Why Amazon is deploying the Medici factor in its crucial UK market
Today Amazon announced its impact upon the creative landscape of the UK, a territory both similar and uniquely different from its US domestic market. The headline number estimated by Capital Economics is £4.2 billion pounds ($5.1 billion) invested by Amazon into the UK creative industries since 2010, with the pace of the investment doubling since 2018. The study cites 16,000 UK jobs which have been supported since 2022 ranging from directly employed (2,000) to supporting businesses and freelancers across the creative industry. This announcement comes three months after Netflix revealed that it had invested $6 billion in programming investment in the UK since 2020. In the retentionary era of entertainment investment in the underlying cultural ecosystem, it is now as important to highlight as differentiated content offerings to appeal to consumers.
The Medici factor
Six years ago MIDiA highlighted the similarities between investing in streaming content exclusives with role played by renaissance patrons of the arts. Powerful families such as the Medici deployed their surplus capital to invest in cultural goods which ultimately reflected positively on their wider strategic aims. For Apple at the time, and now equally for Amazon, this is about broadening the reach and appeal of their core consumer proposition. Separately it is aimed at reassuring national decision-makers of their ongoing commitment to investing in the cultural vibrancy of the societies from which they generate revenue. For the creatives themselves it is a transformational factor that enables and empowers progression in highly competitive and historically tightly knit industries. From offering £20k ($25k) kindle author awards enabling part-time writers to go full time, to commissioning multi-million pound BAFTA winning Amazon Prime productions such as Jungle from first time production companies, Amazon is becoming an essential part of the UK cultural ecosystem. This extends from its investment in state of the art recording studies for Audible, to its newly emerging Shepperton Studios for Prime screen production.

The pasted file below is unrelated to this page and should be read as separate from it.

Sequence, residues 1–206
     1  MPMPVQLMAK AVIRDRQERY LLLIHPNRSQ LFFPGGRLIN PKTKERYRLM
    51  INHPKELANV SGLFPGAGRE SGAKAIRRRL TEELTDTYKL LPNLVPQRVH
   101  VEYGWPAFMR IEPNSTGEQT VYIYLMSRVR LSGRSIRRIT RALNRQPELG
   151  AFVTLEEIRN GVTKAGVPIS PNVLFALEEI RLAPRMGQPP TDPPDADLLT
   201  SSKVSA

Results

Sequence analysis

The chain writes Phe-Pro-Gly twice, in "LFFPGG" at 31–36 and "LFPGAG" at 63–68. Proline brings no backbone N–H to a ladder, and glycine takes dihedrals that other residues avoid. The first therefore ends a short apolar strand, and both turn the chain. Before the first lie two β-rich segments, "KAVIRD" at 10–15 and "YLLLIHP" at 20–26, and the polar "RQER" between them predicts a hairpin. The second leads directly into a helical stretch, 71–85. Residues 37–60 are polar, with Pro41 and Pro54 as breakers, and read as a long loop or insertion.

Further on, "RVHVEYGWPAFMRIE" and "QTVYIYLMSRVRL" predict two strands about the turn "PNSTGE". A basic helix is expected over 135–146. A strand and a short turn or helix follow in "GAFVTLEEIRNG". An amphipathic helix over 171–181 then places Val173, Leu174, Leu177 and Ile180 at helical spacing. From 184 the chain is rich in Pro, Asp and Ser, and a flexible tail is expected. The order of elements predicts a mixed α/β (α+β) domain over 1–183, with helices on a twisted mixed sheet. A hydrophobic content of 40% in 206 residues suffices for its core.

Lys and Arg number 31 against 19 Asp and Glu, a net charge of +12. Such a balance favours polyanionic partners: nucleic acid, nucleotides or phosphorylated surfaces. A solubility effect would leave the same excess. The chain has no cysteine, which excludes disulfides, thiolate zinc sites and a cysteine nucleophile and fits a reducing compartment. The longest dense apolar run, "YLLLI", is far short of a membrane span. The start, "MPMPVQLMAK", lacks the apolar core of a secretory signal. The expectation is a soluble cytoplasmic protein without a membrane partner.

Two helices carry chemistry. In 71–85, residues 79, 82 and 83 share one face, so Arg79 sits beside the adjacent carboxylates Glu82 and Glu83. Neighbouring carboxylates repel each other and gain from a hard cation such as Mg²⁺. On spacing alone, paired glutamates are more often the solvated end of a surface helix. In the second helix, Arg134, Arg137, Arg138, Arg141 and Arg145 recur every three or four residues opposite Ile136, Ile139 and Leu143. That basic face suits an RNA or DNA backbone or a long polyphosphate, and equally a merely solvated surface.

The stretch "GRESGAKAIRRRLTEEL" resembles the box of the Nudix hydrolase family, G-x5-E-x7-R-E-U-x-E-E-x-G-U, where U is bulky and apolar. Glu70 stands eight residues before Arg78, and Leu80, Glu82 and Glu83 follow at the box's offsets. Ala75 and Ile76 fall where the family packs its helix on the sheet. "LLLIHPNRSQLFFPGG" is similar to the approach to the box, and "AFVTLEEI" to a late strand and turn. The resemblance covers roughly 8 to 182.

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Long-term thinking is driving Amazon’s investment criteria
Perhaps the closest analogy to the Medici factor, is the focus upon the long term. Amazon is making a big play with this announcement upon its ability to plan for a long payback upon its cultural investments. The Medici’s are still relevant today because of the cultural investments which they made 500-plus years ago. A public company such as Amazon will struggle to convey to investors the importance of long term investment without being able to sell the vision of how its investments will future-proof revenues and ensure ongoing brand relevance. As a consequence, Amazon the utility is now being fleshed out by Amazon the cultural heavyweight. Its streaming services have been a key part of the disruption of traditional TV and music, to the extent that investments in the grass root are required to ensure an ongoing supply of future talent, and content. Amazon’s funding 100 new apprenticeships across the UK creative sectors, and 250 new traineeships through Prime Video Pathway are all examples of this decision to invest in stabilising and growing the underlying cultural ecosystem.
In the current era of rising de-globalisation, regulatory risks particularly around local content commitments and bundling of services are ever-present for a company of Amazon’s size and influence. Today’s announcement is thus about getting ahead of those risks and focusing upon the reality now emerging in the UK; where Amazon is now a prime investor in UK cultural output.